The style of the ‘S’ shape was being replaced with a straighter line and a waistline that moved up to the empire line. This style echoed the time of the regency era along with military collars and wide collars.
The skirts narrowed and moved higher off the floor. The high collar around the neck went out of fashion. Women covered their necks for such a long time in fashion that is was a bold step! It is said that the clergy were ‘outraged’ that women would show their necks and health experts predicted there would be an outbreak of pneumonia and tuberculosis.
Dresses were often easier to get in and out of with front buttoned one-piece dresses, sleeves tended to be tight fitting. In 1912 the hobble skirt was introduced, women could barely take a full step in this restricted dress. Not rocket science to assume that this style didn’t last long. Pegtop skirts were also in fashion with the fullness concentrated at the hip and gradually narrowing to the ankles.
Evening dress was similar to day dresses but with finer fabrics and decorative touches such as wide belts, sashes, embroidery, lace, beading and fringe.
One of my absolute fashion icons at this time was Queen Maud of Norway. Her extensive wardrobe still survives today and I was lucky enough to see some of the pieces at the Victoria and Albert Museum in London. What I remember being most shocked about was her waist. It must have been between 18 – 20 inches!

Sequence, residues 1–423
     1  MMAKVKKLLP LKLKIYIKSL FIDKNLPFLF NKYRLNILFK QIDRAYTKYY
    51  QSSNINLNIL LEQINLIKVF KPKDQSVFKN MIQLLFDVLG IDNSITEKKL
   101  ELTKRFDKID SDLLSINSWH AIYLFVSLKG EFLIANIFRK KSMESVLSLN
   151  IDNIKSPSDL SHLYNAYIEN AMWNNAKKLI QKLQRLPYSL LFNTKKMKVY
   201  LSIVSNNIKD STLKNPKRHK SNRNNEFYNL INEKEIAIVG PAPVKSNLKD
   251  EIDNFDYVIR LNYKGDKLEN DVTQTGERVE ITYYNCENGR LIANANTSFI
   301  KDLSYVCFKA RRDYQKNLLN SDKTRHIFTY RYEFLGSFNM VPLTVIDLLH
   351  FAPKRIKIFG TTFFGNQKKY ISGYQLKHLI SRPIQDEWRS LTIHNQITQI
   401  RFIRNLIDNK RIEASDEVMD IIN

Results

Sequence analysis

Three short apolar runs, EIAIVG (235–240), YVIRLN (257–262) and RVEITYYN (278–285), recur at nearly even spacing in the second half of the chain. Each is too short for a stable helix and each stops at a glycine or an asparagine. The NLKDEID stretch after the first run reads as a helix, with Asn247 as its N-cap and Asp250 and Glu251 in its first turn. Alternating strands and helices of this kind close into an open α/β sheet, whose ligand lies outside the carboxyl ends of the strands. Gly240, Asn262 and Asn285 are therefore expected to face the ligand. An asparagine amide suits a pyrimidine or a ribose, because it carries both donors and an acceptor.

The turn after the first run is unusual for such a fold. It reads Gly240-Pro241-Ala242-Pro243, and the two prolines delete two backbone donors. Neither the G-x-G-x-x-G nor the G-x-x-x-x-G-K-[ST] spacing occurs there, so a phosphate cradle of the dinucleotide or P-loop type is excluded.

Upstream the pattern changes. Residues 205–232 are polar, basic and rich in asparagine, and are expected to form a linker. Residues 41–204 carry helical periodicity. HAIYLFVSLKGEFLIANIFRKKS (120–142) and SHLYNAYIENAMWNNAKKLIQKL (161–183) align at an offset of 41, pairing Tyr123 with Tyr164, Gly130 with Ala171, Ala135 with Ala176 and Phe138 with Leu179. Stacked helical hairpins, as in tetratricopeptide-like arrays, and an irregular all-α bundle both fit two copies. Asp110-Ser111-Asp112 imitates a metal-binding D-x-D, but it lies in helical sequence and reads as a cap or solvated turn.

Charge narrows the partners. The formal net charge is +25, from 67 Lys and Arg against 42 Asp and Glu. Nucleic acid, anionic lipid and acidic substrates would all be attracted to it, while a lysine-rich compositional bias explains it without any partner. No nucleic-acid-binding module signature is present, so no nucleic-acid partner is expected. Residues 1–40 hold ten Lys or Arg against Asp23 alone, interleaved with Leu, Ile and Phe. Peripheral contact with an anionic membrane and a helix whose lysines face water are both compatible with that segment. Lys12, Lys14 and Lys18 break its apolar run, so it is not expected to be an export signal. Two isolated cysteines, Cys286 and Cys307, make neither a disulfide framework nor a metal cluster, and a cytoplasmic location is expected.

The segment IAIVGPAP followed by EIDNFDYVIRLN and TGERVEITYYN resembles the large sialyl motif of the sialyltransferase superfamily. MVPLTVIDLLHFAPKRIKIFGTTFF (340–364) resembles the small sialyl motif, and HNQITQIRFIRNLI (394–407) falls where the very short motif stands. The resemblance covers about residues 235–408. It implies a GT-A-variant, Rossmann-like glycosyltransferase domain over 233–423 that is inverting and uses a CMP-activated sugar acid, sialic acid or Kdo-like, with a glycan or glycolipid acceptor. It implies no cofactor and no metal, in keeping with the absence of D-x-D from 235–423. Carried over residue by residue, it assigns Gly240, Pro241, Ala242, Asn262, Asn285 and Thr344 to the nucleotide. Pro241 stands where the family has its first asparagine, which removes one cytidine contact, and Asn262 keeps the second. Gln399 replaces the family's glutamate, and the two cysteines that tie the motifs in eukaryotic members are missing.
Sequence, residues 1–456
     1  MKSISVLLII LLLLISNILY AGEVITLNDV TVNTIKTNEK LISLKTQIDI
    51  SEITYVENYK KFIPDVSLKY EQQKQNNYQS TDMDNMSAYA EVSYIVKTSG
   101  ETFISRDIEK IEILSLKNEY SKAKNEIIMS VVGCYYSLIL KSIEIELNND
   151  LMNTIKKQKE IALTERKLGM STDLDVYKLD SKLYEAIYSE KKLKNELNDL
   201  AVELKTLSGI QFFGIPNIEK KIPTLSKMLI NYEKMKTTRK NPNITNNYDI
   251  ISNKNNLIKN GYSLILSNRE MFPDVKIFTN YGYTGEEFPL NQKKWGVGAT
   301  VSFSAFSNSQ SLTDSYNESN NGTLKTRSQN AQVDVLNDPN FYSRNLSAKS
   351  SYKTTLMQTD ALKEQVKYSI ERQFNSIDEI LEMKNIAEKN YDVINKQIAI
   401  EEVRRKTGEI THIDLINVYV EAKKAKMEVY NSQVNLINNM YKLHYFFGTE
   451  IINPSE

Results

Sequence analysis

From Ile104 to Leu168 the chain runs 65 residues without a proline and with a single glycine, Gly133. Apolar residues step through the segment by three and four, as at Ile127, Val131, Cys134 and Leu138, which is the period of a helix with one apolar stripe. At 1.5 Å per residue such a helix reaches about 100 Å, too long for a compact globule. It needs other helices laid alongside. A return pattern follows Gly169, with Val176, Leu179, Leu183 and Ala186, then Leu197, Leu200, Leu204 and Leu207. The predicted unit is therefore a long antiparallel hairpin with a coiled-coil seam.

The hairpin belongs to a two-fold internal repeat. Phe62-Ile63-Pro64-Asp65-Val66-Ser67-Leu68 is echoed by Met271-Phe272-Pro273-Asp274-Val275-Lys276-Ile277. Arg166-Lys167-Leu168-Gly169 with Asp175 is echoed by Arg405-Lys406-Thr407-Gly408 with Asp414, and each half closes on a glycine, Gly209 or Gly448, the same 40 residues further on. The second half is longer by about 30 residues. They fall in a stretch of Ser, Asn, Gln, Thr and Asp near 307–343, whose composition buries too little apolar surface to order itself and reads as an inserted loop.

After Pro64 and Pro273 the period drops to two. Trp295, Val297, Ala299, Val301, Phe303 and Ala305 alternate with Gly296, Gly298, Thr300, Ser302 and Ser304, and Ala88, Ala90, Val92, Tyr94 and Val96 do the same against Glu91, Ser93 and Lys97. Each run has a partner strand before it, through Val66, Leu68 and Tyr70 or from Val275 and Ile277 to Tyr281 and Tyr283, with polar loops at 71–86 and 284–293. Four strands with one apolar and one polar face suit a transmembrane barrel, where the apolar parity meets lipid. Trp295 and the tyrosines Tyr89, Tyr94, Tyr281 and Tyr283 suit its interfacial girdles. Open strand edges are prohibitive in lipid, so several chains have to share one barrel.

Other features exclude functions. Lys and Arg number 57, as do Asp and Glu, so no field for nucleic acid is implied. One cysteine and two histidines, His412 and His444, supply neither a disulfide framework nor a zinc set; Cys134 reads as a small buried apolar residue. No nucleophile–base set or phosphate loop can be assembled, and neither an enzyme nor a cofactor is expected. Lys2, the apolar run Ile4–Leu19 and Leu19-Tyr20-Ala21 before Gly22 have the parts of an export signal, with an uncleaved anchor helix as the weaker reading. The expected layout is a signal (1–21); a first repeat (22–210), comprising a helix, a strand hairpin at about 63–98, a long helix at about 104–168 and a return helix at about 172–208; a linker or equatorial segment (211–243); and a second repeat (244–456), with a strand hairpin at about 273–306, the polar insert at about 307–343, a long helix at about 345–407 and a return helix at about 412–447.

Maud engaged with contemporary fashion throughout her long life, and commissioned many of the great designers of the day, notably Worth, Blancquaert and Morin-Blossier. Her wardrobe illustrates the impeccable standards of couture dressmaking and tailoring of the period. Style and Splendour showcases some of the most spectacular garments, now in the collection of the National Museum of Art/Museum of Decorative Arts and Design in Oslo, and sets them clearly in the context of Queen Maud’s life and times.
There is a book that you can buy for more images of the fabulous detailed dresses here
1914 – 1918
Brassieres had been introduced 10 years earlier, but within this period they became more popular as underwear moved away from corsets. One piece dresses were still preferred to two piece. During the war years the silhouette grew wider with much shorter skirts. Hems rose six inches from the ground in 1916 and then eight inches by 1917.
The fit on the body was often easy and the waistlines were defined with belts. Necklines tended to be square or v neck. Sailors collars were made popular during this period. Skirts were often full which was achieved through pleating.
1918 – 1920
This period is often known as the transitional period between the end of the war and the approach to the ‘boom’ era of the 1920s. Due to a lack of supplies from the war effort the silhouette grew narrower, this shape was defined as the ‘barrel shaped’. In 1919 designers turned to narrower skirts but also dropped the hemline back down to the ankle.